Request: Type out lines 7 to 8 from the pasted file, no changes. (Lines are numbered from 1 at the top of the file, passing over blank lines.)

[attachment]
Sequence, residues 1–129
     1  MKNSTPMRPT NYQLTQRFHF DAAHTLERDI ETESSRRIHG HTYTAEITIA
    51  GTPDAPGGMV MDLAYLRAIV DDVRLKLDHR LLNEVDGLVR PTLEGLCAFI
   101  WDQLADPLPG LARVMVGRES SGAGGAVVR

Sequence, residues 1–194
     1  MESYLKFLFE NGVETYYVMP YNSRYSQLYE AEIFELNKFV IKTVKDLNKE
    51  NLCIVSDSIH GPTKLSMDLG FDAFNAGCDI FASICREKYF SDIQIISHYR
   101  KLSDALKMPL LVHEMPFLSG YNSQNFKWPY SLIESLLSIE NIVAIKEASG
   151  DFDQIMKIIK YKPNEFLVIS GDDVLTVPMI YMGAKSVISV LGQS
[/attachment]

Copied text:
    51  NLCIVSDSIH GPTKLSMDLG FDAFNAGCDI FASICREKYF SDIQIISHYR
   101  KLSDALKMPL LVHEMPFLSG YNSQNFKWPY SLIESLLSIE NIVAIKEASG